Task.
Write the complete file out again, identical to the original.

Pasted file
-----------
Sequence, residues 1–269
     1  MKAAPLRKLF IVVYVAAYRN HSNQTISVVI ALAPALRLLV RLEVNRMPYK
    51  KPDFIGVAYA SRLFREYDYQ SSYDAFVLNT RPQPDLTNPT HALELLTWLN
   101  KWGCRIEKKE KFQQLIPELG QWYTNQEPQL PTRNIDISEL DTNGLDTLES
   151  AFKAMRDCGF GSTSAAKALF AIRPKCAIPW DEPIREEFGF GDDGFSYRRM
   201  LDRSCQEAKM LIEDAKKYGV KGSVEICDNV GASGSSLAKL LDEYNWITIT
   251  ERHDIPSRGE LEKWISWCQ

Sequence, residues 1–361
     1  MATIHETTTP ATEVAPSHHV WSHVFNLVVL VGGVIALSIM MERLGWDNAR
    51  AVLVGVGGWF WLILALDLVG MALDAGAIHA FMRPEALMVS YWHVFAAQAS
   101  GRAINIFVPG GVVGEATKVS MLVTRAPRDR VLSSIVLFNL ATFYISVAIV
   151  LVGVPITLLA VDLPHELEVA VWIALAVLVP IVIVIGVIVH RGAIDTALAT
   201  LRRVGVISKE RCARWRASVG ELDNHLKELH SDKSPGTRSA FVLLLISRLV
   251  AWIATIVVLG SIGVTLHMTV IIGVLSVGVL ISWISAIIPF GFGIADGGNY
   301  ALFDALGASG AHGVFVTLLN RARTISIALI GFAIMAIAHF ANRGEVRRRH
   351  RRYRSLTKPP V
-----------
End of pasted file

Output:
Sequence, residues 1–269
     1  MKAAPLRKLF IVVYVAAYRN HSNQTISVVI ALAPALRLLV RLEVNRMPYK
    51  KPDFIGVAYA SRLFREYDYQ SSYDAFVLNT RPQPDLTNPT HALELLTWLN
   101  KWGCRIEKKE KFQQLIPELG QWYTNQEPQL PTRNIDISEL DTNGLDTLES
   151  AFKAMRDCGF GSTSAAKALF AIRPKCAIPW DEPIREEFGF GDDGFSYRRM
   201  LDRSCQEAKM LIEDAKKYGV KGSVEICDNV GASGSSLAKL LDEYNWITIT
   251  ERHDIPSRGE LEKWISWCQ

Sequence, residues 1–361
     1  MATIHETTTP ATEVAPSHHV WSHVFNLVVL VGGVIALSIM MERLGWDNAR
    51  AVLVGVGGWF WLILALDLVG MALDAGAIHA FMRPEALMVS YWHVFAAQAS
   101  GRAINIFVPG GVVGEATKVS MLVTRAPRDR VLSSIVLFNL ATFYISVAIV
   151  LVGVPITLLA VDLPHELEVA VWIALAVLVP IVIVIGVIVH RGAIDTALAT
   201  LRRVGVISKE RCARWRASVG ELDNHLKELH SDKSPGTRSA FVLLLISRLV
   251  AWIATIVVLG SIGVTLHMTV IIGVLSVGVL ISWISAIIPF GFGIADGGNY
   301  ALFDALGASG AHGVFVTLLN RARTISIALI GFAIMAIAHF ANRGEVRRRH
   351  RRYRSLTKPP V